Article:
In recent years, attendance at the national genealogy conferences has eroded; yet, during the same time, the number of genealogy cruises has expanded greatly. I find it fascinating to compare the traditional conferences versus the "conferences at sea" sponsored by several genealogy software companies. Thousands of genealogists now spend their leisure time attending seminars at sea. Indeed, most of the cruises are quite similar to genealogy conferences with a few minor differences.
This week I'll compare the two leading four-day U.S. national conferences versus a twelve-day genealogy cruise to Hawaii.
I have a strong interest in these since I plan to attend both national conferences this year as well as some cruises. I'll be reporting on each event as it comes to pass.
Several genealogy cruises are available each year. For this article, I will focus on the cruise sponsored by the producers of Legacy Family Tree, an excellent genealogy program for Windows. Previous Legacy Family Tree cruises have been sold out some months before the dates of the cruises. This year's cruise probably will be the same.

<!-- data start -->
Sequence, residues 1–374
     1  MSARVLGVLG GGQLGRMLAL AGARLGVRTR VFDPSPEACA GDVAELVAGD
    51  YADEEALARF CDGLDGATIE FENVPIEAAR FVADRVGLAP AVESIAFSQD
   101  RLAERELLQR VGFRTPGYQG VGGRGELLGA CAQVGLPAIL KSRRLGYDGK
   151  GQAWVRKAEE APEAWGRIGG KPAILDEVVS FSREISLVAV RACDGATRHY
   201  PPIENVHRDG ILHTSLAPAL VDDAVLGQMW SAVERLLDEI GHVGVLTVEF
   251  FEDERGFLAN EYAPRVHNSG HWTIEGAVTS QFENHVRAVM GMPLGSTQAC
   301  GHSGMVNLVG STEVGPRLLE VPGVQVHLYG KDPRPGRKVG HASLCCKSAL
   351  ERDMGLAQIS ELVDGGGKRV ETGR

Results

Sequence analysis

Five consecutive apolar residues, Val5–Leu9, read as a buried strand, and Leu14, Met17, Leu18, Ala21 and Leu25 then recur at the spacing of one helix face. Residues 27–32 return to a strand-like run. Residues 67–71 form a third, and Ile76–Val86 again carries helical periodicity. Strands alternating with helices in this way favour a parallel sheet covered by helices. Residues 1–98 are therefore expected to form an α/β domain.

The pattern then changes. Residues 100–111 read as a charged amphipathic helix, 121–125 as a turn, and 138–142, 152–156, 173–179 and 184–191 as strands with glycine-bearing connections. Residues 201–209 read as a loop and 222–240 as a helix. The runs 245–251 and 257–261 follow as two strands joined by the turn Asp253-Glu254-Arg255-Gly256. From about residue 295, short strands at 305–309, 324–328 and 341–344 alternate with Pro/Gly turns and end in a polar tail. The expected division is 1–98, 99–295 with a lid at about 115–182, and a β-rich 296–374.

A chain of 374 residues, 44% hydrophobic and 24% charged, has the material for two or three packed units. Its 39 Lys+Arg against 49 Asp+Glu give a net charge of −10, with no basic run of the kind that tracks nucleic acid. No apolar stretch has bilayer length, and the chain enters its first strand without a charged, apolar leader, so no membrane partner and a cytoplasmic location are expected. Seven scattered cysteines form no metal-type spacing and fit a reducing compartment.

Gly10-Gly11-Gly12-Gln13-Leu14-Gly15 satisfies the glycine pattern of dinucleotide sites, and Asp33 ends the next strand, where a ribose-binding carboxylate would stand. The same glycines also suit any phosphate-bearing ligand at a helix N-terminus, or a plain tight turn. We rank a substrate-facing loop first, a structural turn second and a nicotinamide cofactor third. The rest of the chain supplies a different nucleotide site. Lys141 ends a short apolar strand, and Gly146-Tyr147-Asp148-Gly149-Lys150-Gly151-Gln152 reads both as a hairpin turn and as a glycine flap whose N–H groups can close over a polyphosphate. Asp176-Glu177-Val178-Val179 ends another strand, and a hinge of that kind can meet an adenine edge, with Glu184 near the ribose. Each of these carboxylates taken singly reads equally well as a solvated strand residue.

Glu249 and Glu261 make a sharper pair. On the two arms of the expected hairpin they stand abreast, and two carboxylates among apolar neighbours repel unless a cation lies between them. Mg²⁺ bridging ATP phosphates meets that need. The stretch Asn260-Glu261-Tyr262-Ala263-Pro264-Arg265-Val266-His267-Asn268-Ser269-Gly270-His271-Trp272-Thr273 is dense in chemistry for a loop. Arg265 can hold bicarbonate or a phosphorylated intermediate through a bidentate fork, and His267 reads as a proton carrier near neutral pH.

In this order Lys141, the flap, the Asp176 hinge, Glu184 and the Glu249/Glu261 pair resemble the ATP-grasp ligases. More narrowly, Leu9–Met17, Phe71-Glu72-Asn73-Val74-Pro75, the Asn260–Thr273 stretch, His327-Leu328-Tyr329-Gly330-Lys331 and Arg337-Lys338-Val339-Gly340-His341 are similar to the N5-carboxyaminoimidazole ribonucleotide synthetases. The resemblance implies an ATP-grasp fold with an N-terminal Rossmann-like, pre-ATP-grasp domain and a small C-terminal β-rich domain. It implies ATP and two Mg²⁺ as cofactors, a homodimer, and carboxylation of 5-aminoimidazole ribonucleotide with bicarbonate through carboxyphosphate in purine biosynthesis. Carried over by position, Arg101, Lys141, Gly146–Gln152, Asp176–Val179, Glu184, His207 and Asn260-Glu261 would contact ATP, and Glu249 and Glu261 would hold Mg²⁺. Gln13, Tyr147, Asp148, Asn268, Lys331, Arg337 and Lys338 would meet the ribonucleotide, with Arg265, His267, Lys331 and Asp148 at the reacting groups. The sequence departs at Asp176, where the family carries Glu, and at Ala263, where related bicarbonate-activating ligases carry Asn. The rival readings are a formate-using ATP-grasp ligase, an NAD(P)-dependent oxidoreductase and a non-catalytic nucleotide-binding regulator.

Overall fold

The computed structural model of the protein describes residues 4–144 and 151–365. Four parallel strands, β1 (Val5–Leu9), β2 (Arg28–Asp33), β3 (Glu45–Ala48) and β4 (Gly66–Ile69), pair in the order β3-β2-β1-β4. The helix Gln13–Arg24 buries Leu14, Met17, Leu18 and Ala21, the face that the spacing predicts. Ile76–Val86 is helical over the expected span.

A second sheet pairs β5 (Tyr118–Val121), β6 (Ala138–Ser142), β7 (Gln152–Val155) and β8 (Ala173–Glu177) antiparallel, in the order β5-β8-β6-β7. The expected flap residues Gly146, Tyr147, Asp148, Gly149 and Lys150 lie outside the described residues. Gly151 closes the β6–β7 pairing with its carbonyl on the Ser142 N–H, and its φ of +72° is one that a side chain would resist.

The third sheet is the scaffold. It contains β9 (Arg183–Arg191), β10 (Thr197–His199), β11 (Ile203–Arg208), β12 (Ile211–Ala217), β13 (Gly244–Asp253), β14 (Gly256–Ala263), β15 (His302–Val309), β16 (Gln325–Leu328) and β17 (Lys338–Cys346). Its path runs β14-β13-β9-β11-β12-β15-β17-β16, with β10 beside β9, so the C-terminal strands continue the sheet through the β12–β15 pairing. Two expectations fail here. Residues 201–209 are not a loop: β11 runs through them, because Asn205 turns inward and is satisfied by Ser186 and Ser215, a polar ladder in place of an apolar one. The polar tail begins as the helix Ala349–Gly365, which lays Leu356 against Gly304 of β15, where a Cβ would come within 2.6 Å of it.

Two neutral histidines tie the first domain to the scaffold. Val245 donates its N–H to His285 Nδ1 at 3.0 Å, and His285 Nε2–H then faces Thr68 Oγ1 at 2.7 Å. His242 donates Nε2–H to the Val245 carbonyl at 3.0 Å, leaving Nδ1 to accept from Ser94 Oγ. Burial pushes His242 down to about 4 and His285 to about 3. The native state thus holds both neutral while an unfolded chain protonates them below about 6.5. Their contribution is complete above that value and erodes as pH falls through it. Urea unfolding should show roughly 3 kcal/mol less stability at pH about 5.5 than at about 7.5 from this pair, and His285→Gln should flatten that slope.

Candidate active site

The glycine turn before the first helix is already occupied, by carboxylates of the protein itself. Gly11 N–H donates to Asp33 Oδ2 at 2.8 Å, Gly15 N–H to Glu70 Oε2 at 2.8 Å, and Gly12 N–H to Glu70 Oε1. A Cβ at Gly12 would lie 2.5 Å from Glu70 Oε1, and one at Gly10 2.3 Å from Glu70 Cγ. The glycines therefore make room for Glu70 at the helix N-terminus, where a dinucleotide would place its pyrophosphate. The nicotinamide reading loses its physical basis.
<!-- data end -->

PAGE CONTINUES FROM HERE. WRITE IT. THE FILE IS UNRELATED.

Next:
The 2007 Legacy Family Tree cruise will be a twelve-day event on Carnival's Spirit cruise ship, departing from Vancouver, British Columbia, on September 19. You may find it cheaper and easier to fly to Seattle and then spend $49.50 for a shuttle bus to Vancouver.
The cruise will spend five days at sea, followed by a week visiting various Hawaiian Islands. Participants will use the cruise ship as their hotel and base of operations. There will be two-day stops in both Maui and Honolulu. On most other evenings, the ship will weigh anchor and head to the next port of call in the darkness. The next morning, cruise participants will awake to find they are in a different tropical port of call with various shore expeditions available. At the end of the cruise, participants can fly directly home from Honolulu. Of course, you might want to stay a few more days in Paradise before flying home!